4 Expansive Learning: The Student Perspective

I will now turn to perspectives on the involvement of student music teachers in the Lebanon program. I base my examination on previous research about what student music teachers have learned from participating in the Lebanon program. In this previous research, the students’ data was collected through reflective journals where the student teachers reflected on their experiences of participating in the professional training at Rashedieh camp (Brøske-Danielsen 2013). The study showed that the student teachers’ experience in the Palestinian refugee camp could be characterized by encountering the unfamiliar and unexpected, which forced the students to confront new dilemmas and issues to which they had to adjust and handle, and on which they were required to reflect. The setting presents both cultural and pedagogical unfamiliarities and differences that contribute to increased reflection and questioning (Brøske-Danielsen 2013). In the following, I will focus on these two areas of interest – cultural differences and pedagogical complexity – incorporating perspectives from activity theory as a central part of the discussion. In the concept of CHAT, cultural differences and pedagogical complexity can be seen as multivoicedness and as central issues leading to contradictions (Engeström 2001). What students learn from the Lebanon program, how the learning takes place, and what conditions lead to this learning will be addressed in the following. But first, I will describe a typical day for the Norwegian students in Rashedieh camp.

4.1 A Typical Working Day in Rashedieh Camp

In Rashedieh camp, around 50 children welcome the Norwegian students through a small concert featuring both Arabic and western music. Then the students teach and lead for the rest of the day, starting with some musical games and warm-up activities, before moving on to prepared musical material: a multi-use arrangementFootnote 2 based on a song or tune. A multi-use arrangement entails having ideas and sketches of different voices and possibilities for different instruments, and several issues still to be decided, depending on the students’ ability to make professional decisions on the spot. There are several challenges encountered throughout the day, such as working with translators as several of the children do not speak English very well. There is a lack of rooms suitable for practicing in smaller instrumental groups, and student-teachers and children face communication challenges, creating the need for regular breaks to translate instructions. There are several breaks and interruptions made throughout the session as the electricity comes and goes, leading to no sound on the keyboards, electric guitars, or the bass, and when the boys attend Friday prayers. After the workshop in Rashedieh, the teachers from NMH lead afternoon reflective sessions for the student-teachers that focus on sharing and making sense of their experiences; adjusting to various classroom material and teaching strategies; organizing for the next day; and exchanging feedback among students and between students and teachers.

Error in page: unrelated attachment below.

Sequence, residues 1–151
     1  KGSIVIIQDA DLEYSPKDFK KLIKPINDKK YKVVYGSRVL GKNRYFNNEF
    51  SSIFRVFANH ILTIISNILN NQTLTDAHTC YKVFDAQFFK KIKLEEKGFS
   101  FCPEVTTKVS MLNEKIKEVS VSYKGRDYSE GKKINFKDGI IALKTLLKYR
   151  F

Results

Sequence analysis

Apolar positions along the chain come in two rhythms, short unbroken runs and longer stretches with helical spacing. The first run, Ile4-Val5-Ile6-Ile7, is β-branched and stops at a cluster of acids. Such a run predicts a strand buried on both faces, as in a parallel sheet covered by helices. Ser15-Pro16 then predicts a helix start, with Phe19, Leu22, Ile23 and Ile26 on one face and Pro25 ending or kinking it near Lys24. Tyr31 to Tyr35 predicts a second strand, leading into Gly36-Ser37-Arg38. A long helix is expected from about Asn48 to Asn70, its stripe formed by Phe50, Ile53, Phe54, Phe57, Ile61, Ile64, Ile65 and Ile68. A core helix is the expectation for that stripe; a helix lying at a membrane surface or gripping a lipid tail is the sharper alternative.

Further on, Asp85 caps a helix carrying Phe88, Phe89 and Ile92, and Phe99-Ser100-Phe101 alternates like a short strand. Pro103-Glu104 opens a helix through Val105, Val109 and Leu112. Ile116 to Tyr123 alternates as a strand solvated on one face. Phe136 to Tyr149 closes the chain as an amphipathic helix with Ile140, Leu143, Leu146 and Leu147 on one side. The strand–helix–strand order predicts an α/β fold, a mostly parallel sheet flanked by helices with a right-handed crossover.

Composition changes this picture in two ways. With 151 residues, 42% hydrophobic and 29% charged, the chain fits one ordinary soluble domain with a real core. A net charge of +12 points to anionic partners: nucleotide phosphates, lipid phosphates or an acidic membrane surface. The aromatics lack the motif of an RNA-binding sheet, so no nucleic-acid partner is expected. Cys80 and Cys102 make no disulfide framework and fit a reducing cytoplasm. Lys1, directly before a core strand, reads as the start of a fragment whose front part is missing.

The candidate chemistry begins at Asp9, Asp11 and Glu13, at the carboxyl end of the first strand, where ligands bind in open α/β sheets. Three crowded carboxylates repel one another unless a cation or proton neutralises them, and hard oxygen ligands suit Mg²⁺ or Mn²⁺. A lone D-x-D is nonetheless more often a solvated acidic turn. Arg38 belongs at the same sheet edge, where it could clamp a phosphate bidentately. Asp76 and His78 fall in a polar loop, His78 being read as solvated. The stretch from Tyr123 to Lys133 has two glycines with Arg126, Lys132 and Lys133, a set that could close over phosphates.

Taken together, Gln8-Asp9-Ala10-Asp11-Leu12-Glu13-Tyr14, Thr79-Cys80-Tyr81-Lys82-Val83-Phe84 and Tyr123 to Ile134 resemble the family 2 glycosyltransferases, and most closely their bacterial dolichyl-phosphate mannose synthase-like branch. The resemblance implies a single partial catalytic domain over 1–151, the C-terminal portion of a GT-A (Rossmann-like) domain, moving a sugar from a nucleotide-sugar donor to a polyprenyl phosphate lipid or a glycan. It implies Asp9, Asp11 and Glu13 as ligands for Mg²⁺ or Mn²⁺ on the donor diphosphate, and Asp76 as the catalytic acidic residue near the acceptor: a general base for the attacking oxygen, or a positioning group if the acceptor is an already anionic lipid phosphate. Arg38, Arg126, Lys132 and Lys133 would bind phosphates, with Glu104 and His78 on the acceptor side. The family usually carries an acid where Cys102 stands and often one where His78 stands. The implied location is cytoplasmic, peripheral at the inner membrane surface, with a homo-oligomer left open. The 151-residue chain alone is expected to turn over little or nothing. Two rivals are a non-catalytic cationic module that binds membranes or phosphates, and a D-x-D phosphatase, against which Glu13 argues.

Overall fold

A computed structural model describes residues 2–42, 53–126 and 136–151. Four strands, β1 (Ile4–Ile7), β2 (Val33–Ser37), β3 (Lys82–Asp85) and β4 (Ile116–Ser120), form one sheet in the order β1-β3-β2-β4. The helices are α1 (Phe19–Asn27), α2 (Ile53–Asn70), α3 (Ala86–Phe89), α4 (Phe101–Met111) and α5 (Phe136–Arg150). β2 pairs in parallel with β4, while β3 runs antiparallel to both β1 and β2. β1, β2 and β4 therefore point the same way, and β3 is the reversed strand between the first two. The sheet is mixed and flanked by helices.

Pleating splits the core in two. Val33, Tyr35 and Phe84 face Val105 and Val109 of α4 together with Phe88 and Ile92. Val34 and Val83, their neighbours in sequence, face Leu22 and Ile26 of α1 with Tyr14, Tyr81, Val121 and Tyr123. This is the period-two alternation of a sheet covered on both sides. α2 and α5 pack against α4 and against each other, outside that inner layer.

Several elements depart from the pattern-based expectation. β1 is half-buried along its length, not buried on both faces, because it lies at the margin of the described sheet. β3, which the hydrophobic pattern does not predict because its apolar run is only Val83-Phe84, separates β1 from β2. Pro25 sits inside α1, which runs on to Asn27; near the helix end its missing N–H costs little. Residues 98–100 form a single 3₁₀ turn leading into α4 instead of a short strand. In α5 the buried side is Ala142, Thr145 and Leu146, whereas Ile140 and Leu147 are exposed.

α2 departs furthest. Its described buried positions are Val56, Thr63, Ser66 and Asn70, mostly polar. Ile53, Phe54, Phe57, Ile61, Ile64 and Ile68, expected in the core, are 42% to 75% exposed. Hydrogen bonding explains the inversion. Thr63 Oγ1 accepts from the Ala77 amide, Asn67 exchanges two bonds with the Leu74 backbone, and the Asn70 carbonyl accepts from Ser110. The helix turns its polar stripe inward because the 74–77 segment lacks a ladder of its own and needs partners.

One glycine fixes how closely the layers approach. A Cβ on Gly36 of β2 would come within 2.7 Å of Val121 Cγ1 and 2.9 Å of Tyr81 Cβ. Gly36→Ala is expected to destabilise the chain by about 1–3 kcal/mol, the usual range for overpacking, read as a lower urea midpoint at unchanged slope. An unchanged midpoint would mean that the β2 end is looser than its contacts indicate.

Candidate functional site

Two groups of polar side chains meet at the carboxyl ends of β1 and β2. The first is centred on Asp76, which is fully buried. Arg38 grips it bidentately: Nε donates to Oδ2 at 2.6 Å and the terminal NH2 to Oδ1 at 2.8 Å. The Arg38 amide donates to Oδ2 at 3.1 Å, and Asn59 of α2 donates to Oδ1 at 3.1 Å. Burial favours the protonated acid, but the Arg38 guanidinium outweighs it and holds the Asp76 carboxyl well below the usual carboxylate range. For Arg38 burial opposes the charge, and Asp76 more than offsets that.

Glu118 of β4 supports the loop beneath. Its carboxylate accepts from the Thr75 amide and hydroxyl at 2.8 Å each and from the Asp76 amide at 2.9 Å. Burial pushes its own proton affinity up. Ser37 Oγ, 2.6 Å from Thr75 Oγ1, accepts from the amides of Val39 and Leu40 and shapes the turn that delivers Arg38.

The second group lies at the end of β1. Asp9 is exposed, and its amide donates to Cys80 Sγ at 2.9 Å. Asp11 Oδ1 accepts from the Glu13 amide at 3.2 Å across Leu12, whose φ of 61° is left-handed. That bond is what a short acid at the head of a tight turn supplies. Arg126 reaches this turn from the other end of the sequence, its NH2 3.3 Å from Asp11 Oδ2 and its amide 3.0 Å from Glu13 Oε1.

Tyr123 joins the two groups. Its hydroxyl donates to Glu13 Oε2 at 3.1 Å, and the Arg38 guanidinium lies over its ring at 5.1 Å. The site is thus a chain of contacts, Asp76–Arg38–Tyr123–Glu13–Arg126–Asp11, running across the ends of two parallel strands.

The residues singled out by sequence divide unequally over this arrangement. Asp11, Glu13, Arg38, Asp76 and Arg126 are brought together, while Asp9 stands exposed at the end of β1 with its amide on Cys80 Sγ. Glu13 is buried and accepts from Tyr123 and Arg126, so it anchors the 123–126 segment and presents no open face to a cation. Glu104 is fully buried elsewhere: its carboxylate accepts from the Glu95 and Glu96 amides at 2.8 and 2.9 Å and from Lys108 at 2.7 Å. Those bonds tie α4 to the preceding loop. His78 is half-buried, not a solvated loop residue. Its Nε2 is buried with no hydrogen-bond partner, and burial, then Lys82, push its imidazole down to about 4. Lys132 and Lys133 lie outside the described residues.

4.2 Cultural Differences

As exemplified in the description of an average working day, the professional placement in Rashedieh camp is rife with unfamiliar and unpredictable experiences for the students. The context is characterized by the lack of a common language between student-teachers and children, the lack of a mutual understanding regarding gender and religious issues, and the reality that the children are refugees with little hope and few prospects for the future. The student-teachers are moving from one activity system, represented by NMH and music education in Norway, to another activity system represented by Rashedieh camp and the music activities there. They experience the context in Rashedieh camp featuring both intrinsic multivoicedness and contradictions, as well as contradictions between the unfamiliar Rashedieh system and their familiar situation in Norway. Contradictions are found on several levels, which is a central feature in activity theory and a driving force for expansive learning (de Lange 2014). Based on this understanding, the context can be considered well suited to enabling expansive learning. Within expansive learning cycles, contradictions lead to questioning, and “the object and motive of the activity are reconceptualized to embrace a radically wider horizon of possibilities than in the previous mode of the activity” (Engeström 2001, p. 137). The contradictions and unfamiliarities can then be seen as key conditions for the reconceptualization of the objective of the activity and for the learning that takes place.

A previous study (Brøske-Danielsen 2013; Danielsen 2012) shows that teaching in collaboration with fellow student-teachers in this challenging context contributes to increased awareness of competence, as students experience and acknowledge both themselves and the other students as competent music teachers (Brøske-Danielsen 2013). When the student-teachers have to implement all their previous achieved competence, they realize how their competences are useful and valuable in other contexts than where the competence was first gained. For student-teachers, participating in the program positively impacts their self-confidence as developing professionals and in their personal lives (Brøske-Danielsen 2013). Furthermore, the study shows that when the student-teachers encounter refugee children who are part of a vulnerable group, it contributes to the student-teachers’ reflections on the value of music, giving them a renewed understanding of their own role. As a result, student-teachers shift their focus from their own personal, artistic achievements to consider the refugee children’s needs in the teaching situation (Danielsen 2012). This shift leads to a reconceptualization of the students’ prior understanding, biases, choices, and actions (Danielsen 2012). Building on perspectives of expansive learning, this reconceptualization can be understood as the students expanding their understanding of the object of music education.